Kingdoms, and slick four-color brochures advertising prints from such
sci-fi classics as Babylon 5, Farscape, and the Star Wars and Star Trek
series and movies. Free demonstrations of new games are available
everywhere, and some booths give prizes.
The Gen Con Exhibit Hall is a springboard for new
games and new ideas. Cheapass Games, best known for their
innovative games that don't include the extra "stuff" that you already
have (i.e. dice, pawns, play money), is now introducing a demo computer
game. Joyce Godecke, of Cheapass's marketing division, said,
"We're eventually going to bring out a deadwood game. A company
approached us, and now we're testing [Plasmaworm] to see how it goes."
Whatever you buy, keep your eye out for
signatures. Artists and game developers are more than happy to
sign your purchase if you ask. John Kovalic, an artist from
Madison, Wisconsin, who just started his own publishing company Dork
Storm Press, is always happy to sign copies of the games he has
illustrated (Chez Geek, Apples to Apples, Munchkin) and his comic books
(Dork Tower). If you go all the way to the back of the Exhibit
Hall and take a right behind the Board Games and Miniatures Section,
guests of honor such as Richard Biggs, Babylon 5; James Marsters,
Buffy the Vampire Slayer; and Marina Sirtis, Star Trek: The
Next Generation, will be signing at the Autograph Stage. Watch
for the lines!
In the center of the Exhibit Hall, you will see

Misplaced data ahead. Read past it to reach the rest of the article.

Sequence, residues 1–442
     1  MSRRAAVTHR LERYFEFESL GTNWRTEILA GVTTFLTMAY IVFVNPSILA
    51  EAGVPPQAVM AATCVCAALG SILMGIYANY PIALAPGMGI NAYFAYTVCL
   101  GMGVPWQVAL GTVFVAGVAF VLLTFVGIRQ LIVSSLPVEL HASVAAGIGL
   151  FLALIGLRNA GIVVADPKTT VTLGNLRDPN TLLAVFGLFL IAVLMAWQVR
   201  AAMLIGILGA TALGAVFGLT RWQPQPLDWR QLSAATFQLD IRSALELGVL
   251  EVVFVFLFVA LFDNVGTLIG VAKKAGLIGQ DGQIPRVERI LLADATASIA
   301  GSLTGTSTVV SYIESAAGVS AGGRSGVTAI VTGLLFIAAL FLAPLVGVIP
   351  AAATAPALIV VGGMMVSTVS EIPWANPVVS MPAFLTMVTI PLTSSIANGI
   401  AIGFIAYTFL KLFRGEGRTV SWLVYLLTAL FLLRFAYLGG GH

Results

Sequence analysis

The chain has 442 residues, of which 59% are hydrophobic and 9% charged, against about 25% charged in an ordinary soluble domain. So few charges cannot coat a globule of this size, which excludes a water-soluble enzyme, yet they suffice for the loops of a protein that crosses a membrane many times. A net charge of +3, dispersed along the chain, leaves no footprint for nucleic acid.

(because you certainly can't miss it) the Great Wizards of the Coast
Castle. This tradition was started by TSR (the founders of Gen
Con) several years ago. Inside you will find games, demos,
novels, TCGs, etc. In the early years of the Castle, other
companies became envious of its largess, so they stormed the castle
with Nerf weapons (but don't get any ideas <grin>).
Please remember that the Exhibit Hall is the main
place to shop at Gen Con and follow the basic rules: no
shoplifting. As a sign at the Aldebaran Imports booth read,
"Shoplifters will be pimp-slapped, groped and handed to authorities."
Next: The Art Show
Part II: The Art Show
On the first floor of the Midwest Express Center is
a beautiful Art Show. After checking your bag at the door, your
eyes will be treated to a feast of color and some of the most wondrous
fantasy art anywhere. The artists selling their wares
include pictures of high fantasy, wizards, dragons, mechanical
monsters from cyber games, and the whimsical comics that poke fun at us
gamers. We don't mind because they're so damn funny. Some
artists have been commissioned to create for trading card games, so
they combine the original artwork with a copy of the card in a nice
matting and frame. You can purchase almost everything at the Art
Not only can you find pictures, you will also find
3-D art. Chain mail jewelry and earrings can be found. The
Fate Laughing Booth sells padded wings to wear, and don't be afraid of
a miniature dragon perched on someone's shoulder. These little
creatures were purchased at the Sundreams and Myths Booth. For
the more risque, Rahne Storm Studios sells hand-painted demon panties.
As music wafts through the sound system, the
conventioneer can peruse the gallery, a maze of gorgeous artwork that
include science fiction, fantasy, and gaming humor. The Art Show